|2012–13||Aviva Premiership||11th||33||-||LV= Cup||4th in pool||British and Irish Cup||Not eligible||Challenge Cup||2nd in pool|
|2013–14||Aviva Premiership||12th (R)||16||-||LV= Cup||4th in pool||British and Irish Cup||Not eligible||Challenge Cup||4th in pool|
|2014–15||RFU Championship||2nd (P)||97||Champions||LV= Cup||Not eligible||British and Irish Cup||Champions||Not qualified||N/A|
|2015–16||Aviva Premiership||10th||35||-||No competition||N/A||British and Irish Cup||Not eligible||Challenge Cup||4th in pool|
|2016–17||Aviva Premiership||11th||33||-||Anglo-Welsh Cup||4th in pool||British and Irish Cup||Not eligible||Challenge Cup||3rd in pool|
|2017–18||Aviva Premiership||11th||36||-||Anglo-Welsh Cup||2nd in pool||British and Irish Cup||Not eligible||Challenge Cup||3rd in pool|
|2018–19||Gallagher Premiership||10th||46||-||Premiership Cup||Semi-final||Championship Cup||Not eligible||Challenge Cup||Quarter-final|
Gold background denotes champions
Silver background denotes runners-up
Pink background denotes relegated
* After dropping into the competition from the Challenge Cup
- RFU Championship
- National League 1
- Champions: (1) 1997-98
- National League 2 North
- Champions: (1) 1996-97
- Midlands Premier
- Champions: (1) 1994-95
- Midlands 2 West
- Champions: (1) 1992-93
- North Midlands Division One
- Champions: (1) 1989-90
- European Challenge Cup
- Runners–Up: (1) 2007–08
- European Shield
- Runners–Up: (1) 2004–05
- British and Irish Cup
- Champions: (1) 2014-15
- North Midlands Cup
- Champions: (3) 1977-78, 1995–96, 1997-98
- Runners–Up: (3) 1976-77, 1993-94, 1996-97
- Powerline Floodlit Cup
- Champions: (1) 1997-98
- Premiership Rugby Shield
- Runners-Up: (1) 2014–15
Note: Flags indicate national union as has been defined under WR eligibility rules. Players may hold more than one non-WR nationality.
The Worcester Warriors academy squad is:
Note: Flags indicate national union as has been defined under WR eligibility rules. Players may hold more than one non-WR nationality.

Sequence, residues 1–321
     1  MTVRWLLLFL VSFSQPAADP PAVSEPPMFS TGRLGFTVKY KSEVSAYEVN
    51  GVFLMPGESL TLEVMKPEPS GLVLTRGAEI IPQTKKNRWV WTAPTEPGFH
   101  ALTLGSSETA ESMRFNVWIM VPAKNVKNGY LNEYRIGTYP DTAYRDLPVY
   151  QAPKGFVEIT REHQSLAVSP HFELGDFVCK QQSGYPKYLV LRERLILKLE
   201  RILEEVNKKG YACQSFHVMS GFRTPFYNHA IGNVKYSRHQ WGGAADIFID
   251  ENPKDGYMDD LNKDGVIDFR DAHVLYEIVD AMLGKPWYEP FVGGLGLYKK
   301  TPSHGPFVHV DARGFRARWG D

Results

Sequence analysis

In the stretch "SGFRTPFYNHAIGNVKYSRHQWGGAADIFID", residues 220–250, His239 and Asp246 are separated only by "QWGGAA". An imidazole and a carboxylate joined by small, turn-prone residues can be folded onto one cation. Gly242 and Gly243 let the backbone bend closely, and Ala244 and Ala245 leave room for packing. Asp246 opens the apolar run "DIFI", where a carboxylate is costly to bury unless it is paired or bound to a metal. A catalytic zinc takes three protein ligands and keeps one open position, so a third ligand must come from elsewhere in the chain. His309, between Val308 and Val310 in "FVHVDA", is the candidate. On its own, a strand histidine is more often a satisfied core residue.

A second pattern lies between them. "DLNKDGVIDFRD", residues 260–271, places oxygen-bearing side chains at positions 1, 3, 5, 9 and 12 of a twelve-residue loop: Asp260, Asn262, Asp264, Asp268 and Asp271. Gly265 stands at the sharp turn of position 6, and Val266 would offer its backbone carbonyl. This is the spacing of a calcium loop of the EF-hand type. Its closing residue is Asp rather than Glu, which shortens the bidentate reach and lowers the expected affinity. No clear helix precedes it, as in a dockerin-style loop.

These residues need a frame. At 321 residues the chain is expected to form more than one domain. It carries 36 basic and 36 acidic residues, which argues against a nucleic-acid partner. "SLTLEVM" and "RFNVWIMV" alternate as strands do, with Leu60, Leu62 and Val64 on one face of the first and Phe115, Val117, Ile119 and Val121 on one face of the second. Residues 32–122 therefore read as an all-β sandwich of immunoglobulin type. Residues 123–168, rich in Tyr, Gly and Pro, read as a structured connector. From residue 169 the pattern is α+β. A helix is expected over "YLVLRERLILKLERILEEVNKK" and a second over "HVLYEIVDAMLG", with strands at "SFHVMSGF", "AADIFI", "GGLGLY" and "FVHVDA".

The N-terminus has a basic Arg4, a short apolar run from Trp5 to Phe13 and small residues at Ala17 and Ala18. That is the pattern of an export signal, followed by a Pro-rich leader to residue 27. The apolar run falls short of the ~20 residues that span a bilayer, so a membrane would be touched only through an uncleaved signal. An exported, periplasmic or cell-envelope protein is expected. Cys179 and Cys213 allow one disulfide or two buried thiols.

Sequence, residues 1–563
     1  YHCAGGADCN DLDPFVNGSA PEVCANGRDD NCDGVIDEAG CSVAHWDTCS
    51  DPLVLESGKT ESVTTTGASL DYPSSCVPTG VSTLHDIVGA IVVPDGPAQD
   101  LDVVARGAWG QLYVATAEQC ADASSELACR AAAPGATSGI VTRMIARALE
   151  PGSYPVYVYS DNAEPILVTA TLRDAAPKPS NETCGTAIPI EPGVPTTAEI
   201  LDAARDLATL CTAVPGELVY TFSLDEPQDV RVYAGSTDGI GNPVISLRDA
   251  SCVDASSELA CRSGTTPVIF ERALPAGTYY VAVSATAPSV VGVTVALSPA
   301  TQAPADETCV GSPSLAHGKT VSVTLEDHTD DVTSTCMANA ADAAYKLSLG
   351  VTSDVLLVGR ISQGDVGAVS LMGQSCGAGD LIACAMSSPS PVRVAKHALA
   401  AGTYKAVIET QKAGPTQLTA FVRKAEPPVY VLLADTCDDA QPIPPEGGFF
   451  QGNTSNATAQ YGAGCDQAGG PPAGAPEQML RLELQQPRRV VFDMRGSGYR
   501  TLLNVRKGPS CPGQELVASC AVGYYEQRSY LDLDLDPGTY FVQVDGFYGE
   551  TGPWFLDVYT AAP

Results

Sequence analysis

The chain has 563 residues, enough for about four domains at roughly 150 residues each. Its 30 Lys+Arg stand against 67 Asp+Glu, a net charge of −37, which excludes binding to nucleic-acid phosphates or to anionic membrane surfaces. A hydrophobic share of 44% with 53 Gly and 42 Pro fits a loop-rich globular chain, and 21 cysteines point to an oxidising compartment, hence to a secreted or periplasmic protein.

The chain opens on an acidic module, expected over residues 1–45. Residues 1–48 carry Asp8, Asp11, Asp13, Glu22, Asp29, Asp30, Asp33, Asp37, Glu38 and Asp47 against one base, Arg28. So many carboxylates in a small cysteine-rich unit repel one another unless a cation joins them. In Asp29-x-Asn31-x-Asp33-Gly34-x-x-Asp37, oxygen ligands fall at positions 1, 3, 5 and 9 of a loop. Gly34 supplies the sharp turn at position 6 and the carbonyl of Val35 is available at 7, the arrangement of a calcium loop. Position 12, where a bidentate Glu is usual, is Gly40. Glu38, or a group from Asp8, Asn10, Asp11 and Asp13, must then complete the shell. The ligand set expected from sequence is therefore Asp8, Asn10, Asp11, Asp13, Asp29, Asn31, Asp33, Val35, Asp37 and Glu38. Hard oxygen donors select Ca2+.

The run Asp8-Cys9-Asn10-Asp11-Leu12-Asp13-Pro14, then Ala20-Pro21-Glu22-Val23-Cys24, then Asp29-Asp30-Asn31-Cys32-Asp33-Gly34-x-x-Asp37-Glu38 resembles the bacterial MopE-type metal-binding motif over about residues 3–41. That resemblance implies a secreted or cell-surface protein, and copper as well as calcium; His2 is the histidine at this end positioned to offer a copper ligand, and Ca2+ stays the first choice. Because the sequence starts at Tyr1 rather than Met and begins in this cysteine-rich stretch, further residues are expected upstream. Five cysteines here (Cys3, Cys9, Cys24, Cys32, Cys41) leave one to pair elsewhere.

First Team Coaching
- Director of Rugby: Alan Solomons
- Head coach: Rory Duncan
- Forwards coach: Mefin Davies
- Defence coach: Omar Mouneimne
- Backs coach: Neil Doak
Rugby World CupEdit
The following are players who have represented their countries at the World Cup, whilst playing for Worcester:
|Netani Talei||Number eight||Fiji||2007|
|Aleki Lutui||Hooker||Tonga||2007 and 2011|
Notable former playersEdit
This list of "famous" or "notable" persons has no clear inclusion or exclusion criteria. Please help to define clear inclusion criteria and edit the list to contain only subjects that fit those criteria. (June 2018) (Learn how and when to remove this template message)
- Agustin Creevy
- Mariano Galarza
- Ignacio Mieres
- Leonardo Senatore
- Shane Drahm
- Drew Hickey
- Chris Latham
- Tommy Hayes
- Jonny Arr
- Nick Baxter
- Miles Benjamin
- Tom Biggs
- Richard Blaze
- Ben Clarke
- Phil Dowson
- Chris Fortey
- Marcel Garvey
- Craig Gillies
- Ben Gollings
- Andy Gomarsall
- Andy Goode
- Dylan Hartley
- Ben Harvey
- Paul Hodgson
- Kai Horstmann
- Chris Jones
- Graham Kitchener
- Matt Kvesic
- Daren O'Leary
- Matt Mullan
- James Percival
- Shaun Perry
- Pat Sanderson
- Will Spencer
- Ben Te'o
- Tony Windo
- Tom Wood
- Josh Matavesi
- Thomas Lombard
- Val Rapava-Ruskin
- Donncha O'Callaghan
- Peter Stringer
- Rico Gear
- Greg Rawlinson
- Sam Tuitupou
- Jackson Willison
- Alafoti Fa'osiliva
- David Lemi
- Dale Rasmussen
- Earl Va'a
- Percy Friebe
- David Denton